This is not grief,
or joy, not a judging state,
or an elation, or a sadness.
Those come and go.
This is the presence
that doesn’t.

When I relax and let myself expand into that vast presence that doesn’t change – there’s enough room for it all.

When I’m just in my body – it’s too small. I can’t take it.

But when I remember I can expand into that openness, I find there really is room for it all…

For Boston – the sick-to-my-stomach feeling mixed with heart-wrenching care for the people whose lives were altered at the marathon in ways I can hardly imagine – limbs or loved ones suddenly lost.

I come back to sensing ground, sound/silence and a deep breath…..

And there’s room for the beauty of the spring blossoms and that singing robin outside my office this morning. And for the bright-eyed face of my sweet little boy who is soon to wake and greet me. When I’m limited to my small self, truly, I can hardly bear his beauty – it’s painful.

That’s what’s here for me this morning.

That, and this glorious poem from Mary Oliver.

Thank you, Mary.

More Honey Locust

Any day now
the branches
of the honey locust
will be filled
with white fountains;
in my hands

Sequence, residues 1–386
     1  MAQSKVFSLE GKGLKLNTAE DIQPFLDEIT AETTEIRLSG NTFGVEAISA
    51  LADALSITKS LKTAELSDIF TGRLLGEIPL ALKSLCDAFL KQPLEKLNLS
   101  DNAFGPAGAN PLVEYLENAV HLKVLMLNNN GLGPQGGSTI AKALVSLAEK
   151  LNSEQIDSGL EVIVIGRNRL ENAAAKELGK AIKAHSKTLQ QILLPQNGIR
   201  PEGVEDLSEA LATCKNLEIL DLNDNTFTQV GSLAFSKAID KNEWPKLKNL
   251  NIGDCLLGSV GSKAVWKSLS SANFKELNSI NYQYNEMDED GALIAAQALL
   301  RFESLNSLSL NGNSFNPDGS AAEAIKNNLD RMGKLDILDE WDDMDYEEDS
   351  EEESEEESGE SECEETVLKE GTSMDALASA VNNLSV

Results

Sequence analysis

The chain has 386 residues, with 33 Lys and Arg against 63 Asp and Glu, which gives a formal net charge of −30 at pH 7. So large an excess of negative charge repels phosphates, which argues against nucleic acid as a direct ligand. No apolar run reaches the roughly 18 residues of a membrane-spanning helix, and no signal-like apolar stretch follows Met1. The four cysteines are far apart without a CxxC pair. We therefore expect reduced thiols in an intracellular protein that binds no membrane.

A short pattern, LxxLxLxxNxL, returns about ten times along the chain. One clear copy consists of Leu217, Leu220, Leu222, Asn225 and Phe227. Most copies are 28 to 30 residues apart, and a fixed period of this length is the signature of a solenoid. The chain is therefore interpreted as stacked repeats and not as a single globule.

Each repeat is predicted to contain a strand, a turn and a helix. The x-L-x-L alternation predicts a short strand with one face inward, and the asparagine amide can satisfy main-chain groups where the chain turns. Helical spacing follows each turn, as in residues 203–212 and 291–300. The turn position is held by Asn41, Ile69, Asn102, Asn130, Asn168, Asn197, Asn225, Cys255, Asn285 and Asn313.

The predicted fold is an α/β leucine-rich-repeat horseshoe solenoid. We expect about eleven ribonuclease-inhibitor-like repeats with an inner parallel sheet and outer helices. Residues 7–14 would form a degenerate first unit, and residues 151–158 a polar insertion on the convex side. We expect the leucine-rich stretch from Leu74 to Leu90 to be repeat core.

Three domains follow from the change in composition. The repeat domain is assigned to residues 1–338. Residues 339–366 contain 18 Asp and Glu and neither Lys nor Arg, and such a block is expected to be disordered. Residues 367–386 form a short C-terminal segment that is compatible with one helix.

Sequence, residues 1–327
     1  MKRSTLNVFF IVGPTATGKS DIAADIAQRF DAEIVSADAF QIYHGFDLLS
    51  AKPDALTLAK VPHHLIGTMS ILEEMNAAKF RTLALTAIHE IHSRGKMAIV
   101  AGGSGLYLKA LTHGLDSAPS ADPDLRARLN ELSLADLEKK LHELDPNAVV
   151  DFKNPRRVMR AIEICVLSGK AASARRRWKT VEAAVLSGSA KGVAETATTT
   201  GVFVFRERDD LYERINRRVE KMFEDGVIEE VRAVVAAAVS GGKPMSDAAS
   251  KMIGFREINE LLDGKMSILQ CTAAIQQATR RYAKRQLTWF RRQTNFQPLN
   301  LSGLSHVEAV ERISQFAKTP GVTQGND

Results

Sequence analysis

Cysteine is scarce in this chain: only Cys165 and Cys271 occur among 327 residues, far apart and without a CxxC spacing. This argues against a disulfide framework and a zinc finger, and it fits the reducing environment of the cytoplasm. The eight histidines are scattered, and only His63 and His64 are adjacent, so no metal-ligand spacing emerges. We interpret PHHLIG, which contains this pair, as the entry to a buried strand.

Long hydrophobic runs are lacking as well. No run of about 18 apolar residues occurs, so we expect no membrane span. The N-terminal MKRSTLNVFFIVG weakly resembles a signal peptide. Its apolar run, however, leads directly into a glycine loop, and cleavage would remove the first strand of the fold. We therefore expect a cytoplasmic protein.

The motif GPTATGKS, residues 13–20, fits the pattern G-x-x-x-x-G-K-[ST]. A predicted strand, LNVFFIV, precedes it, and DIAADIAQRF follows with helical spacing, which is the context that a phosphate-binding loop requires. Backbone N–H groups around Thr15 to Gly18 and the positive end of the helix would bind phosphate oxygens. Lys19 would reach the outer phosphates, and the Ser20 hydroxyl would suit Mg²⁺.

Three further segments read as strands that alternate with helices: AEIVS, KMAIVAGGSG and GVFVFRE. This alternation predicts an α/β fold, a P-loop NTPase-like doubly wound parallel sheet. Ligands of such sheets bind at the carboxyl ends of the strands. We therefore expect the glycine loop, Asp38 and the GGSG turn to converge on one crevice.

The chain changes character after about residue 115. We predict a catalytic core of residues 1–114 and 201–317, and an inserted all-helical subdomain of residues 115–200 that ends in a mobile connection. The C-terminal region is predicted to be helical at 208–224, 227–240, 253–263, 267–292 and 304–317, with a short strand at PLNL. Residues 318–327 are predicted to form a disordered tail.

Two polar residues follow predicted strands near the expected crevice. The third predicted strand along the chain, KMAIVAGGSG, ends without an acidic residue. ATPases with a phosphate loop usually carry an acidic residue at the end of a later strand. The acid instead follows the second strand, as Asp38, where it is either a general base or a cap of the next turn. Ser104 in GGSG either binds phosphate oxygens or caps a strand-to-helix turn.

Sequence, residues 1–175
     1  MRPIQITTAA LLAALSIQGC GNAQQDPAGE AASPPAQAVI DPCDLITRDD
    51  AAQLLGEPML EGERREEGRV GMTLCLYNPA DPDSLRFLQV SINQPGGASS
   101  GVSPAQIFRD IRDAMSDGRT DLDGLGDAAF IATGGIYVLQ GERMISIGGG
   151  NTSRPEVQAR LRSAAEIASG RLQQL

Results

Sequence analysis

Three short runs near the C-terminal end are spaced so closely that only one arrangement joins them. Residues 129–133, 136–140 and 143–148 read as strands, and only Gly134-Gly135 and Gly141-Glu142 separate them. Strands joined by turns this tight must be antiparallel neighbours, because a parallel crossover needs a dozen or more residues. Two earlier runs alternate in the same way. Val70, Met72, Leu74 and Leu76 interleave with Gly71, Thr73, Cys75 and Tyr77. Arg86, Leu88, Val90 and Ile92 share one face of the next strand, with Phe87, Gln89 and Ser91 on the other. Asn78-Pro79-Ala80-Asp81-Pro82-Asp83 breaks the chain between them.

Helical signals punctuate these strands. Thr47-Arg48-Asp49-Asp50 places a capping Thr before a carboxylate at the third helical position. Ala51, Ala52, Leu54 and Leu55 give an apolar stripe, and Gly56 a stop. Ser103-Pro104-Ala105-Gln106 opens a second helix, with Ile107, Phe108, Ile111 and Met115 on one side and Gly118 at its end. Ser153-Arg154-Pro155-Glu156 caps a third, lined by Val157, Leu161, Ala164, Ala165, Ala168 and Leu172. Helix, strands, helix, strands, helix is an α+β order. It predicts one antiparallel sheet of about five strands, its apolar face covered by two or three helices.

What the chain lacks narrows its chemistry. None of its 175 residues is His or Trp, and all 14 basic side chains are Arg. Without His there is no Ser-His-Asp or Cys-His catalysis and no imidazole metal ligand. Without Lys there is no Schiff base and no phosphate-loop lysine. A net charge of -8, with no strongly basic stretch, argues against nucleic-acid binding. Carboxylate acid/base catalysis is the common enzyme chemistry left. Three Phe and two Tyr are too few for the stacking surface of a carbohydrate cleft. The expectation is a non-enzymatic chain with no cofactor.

I will see
the holy seeds
and a sweetness
will rise up
from those petal-bundles
so heavy
I must close my eyes
to take it in,
to bear
such generosity….
I hope that you too
know the honey locust,
the fragrance
of those fountains;
and I hope that you too will pause
to admire the slender trunk,
the leaves, the holy seeds,
the ground they grow from
year after year
with striving and patience;
and I hope that you too
will say a word of thanks
for such creation out of the wholesome earth,
which would be,
and dearly is it needed,
a prayer for all of us.

Wishing you a wonderful day, with room for it all and abundant words of thanks – prayers for all of us.


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By training and profession, I am a somatic educator. Over the past 25+ years I have trained in and taught modern dance, tai chi, Indian and Tibetan yoga, yoga therapy (specializing in back pain). I completed a 4-year professional Feldenkrais training in 2007 and a 3-year Embodied Life training in 2014. I also study and work with somatic meditation and the profound practice of embodied inner listening known as Focusing.